| Posted: Saturday, Jul 07, 2012 06:00 am
St. Albert’s seat in the House of Commons will have a little more of the city and a little less of Edmonton under proposed redistricting announced this week.
The current riding, Edmonton-St. Albert would be rechristened St. Albert-Edmonton under the proposal released this week from Alberta’s electoral boundaries commission.
When Elections Canada last compiled the numbers in 2006, the riding had more than 126,000 people, making it among the biggest ridings in the country. More recent census results for Edmonton and St. Albert indicate it has almost certainly risen. MPs voted last fall to add seats to the House of Commons for Alberta, British Columbia and Ontario that were designed to bring larger ridings closer to the average.
“The first and primary thing we looked at was trying to achieve parity, so we have an equal number of electors in each electoral district,” said Donna Wilson, one of the boundary commissioners who helped draft the proposal released this week.
Across the capital region, many ridings that had been mixtures of Edmonton and nearby suburban communities are proposed to become solely Edmonton ridings.
Local MP Brent Rathgeber said he was concerned the commission might pull Edmonton and St. Albert apart, but he has been pleasantly surprised with the change.
“I was fully anticipating that Edmonton and St. Albert would be pulled apart similar to what happened in Edmonton-Spruce Grove and Edmonton-Leduc, so I was pleasantly surprised.”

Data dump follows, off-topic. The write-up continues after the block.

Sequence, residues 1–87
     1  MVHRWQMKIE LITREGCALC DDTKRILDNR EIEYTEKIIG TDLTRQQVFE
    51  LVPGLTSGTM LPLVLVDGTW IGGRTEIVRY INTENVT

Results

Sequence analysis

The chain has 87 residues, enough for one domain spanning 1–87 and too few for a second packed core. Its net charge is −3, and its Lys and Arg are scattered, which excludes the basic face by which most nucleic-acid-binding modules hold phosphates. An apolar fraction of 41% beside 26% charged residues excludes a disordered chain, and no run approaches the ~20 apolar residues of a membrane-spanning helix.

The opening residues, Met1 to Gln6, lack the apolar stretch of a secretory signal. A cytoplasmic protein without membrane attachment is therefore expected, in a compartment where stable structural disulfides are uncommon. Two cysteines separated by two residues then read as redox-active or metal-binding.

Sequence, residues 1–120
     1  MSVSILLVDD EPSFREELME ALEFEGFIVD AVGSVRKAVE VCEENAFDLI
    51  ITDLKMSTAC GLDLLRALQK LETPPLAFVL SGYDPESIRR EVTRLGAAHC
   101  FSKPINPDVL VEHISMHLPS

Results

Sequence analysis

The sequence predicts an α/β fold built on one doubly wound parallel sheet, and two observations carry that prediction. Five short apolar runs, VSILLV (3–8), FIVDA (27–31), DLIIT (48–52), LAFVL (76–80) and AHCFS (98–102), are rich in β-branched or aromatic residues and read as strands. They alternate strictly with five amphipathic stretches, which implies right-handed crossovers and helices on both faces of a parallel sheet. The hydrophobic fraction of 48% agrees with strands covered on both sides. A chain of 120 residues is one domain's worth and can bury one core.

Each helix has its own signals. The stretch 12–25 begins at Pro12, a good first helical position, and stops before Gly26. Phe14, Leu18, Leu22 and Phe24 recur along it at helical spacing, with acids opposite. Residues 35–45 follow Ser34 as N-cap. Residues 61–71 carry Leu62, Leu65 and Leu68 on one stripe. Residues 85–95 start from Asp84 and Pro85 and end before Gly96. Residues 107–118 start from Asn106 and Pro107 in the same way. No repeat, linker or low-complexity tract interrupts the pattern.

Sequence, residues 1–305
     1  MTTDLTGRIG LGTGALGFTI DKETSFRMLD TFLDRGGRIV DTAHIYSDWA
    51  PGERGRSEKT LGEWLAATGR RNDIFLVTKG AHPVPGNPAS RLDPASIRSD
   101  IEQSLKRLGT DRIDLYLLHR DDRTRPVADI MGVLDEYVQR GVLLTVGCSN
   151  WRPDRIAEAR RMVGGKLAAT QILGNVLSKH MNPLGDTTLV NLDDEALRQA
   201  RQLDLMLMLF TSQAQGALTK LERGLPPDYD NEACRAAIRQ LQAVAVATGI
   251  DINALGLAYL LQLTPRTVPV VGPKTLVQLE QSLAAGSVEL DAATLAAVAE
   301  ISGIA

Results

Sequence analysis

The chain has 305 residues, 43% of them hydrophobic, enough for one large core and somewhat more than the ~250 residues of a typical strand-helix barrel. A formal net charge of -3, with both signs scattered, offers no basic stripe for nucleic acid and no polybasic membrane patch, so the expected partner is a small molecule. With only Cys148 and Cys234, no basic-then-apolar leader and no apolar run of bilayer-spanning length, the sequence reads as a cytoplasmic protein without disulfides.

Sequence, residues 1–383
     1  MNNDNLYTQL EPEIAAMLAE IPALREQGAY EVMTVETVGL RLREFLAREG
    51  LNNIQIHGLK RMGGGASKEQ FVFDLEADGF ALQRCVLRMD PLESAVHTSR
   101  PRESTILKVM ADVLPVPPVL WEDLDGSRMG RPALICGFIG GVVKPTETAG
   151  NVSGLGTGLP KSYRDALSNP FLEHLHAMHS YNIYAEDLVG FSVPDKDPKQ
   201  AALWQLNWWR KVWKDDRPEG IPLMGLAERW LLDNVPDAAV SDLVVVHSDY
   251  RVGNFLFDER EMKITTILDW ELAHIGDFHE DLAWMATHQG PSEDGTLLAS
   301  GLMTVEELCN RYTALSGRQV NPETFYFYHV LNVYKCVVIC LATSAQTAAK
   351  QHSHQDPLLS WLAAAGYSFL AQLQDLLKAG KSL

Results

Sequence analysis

Wilson said the proposed riding is of the right size, with about 105,000 potential residents.
“It seemed to be a good size and in our view a viable community of interests.”
The current riding includes all of St. Albert, plus a sizeable portion of Edmonton essentially encompassing all of the area west of 97 Street and north of Yellowhead Trail.
In the proposed change St. Albert will remain fully in the riding, but in Edmonton an L-shaped section, bordered roughly by the Yellowhead, Castledowns Road, 137 Avenue and 97 Street will be pulled out.
While some of his colleagues may now be forced to decide which riding they would contest in future, Rathgeber said he would run in St. Albert-Edmonton.
“There is no decision to be made,” he said. “It has been minor changes. When you have minor changes to a riding, obviously that makes it much easier to make a decision.”
He said most of his volunteers and party board members will still remain in his riding. He also said with more St. Albertans than Edmontonians in the new riding it only makes sense to change the name
He said the loss of some 30,000 constituents could ease some of the pressure on his office, but he doesn’t expect a major drop in the amount of work.
“We will notice it but it will be a very, very small change.”
Mayor Nolan Crouse said when St. Albert was asked for input on the changes the city only asked that the new riding have as much of the city as possible.
“Our input is the more St. Albert we can have, the better.”
Based on this proposal, the city got essentially what it wanted, he added.
“We would have to be pleased. Not wanting to be overly selfish about it, but we do want to maintain our own autonomy.”
The commission will hold public consultations on its proposed map later this summer and into the fall and present a finalized map at the end of the year.
The new ridings will be in place for the next election expected in 2015.